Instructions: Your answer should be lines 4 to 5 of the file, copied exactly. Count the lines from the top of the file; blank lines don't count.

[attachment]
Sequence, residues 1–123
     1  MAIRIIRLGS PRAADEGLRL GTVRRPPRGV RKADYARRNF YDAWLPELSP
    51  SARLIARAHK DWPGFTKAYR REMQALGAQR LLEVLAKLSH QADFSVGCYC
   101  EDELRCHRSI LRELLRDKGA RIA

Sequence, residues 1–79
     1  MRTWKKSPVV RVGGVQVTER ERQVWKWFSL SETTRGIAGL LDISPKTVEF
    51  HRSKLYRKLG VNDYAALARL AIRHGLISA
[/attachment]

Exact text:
   101  EDELRCHRSI LRELLRDKGA RIA

Sequence, residues 1–79